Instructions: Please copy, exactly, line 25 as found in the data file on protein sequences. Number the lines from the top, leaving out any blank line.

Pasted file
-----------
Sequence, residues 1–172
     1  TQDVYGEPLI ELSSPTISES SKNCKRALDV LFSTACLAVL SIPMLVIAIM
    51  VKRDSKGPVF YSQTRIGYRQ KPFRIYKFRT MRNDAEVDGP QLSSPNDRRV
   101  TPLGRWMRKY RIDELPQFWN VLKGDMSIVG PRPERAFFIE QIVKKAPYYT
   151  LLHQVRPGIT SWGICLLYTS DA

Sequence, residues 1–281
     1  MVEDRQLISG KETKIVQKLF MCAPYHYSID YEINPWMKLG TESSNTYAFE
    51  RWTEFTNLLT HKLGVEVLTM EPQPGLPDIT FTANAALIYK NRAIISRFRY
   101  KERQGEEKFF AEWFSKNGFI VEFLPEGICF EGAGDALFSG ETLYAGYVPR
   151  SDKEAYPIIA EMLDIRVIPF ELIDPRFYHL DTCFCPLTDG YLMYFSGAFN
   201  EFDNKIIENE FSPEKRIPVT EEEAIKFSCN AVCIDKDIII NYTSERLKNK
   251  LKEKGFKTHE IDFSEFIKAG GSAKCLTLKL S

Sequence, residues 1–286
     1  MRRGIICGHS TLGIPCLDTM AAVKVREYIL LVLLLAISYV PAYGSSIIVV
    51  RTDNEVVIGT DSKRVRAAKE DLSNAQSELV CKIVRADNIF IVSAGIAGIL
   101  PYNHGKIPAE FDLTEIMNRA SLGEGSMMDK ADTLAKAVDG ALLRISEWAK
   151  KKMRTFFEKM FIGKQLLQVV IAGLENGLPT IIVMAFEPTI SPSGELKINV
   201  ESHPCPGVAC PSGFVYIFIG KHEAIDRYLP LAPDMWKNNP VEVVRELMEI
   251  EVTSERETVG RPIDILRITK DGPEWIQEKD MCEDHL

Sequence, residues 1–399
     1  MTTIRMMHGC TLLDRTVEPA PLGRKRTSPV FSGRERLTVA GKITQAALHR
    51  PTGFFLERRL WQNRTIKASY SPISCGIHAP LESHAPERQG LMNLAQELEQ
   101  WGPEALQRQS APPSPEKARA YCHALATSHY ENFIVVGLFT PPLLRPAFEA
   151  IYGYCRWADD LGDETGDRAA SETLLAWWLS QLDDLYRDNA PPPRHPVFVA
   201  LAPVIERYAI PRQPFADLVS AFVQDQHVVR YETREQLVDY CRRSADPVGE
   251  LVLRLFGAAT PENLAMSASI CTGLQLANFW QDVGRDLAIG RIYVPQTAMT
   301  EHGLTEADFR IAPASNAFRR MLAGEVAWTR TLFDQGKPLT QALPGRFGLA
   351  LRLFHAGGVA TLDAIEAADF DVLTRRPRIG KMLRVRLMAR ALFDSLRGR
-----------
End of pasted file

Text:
   201  LAPVIERYAI PRQPFADLVS AFVQDQHVVR YETREQLVDY CRRSADPVGE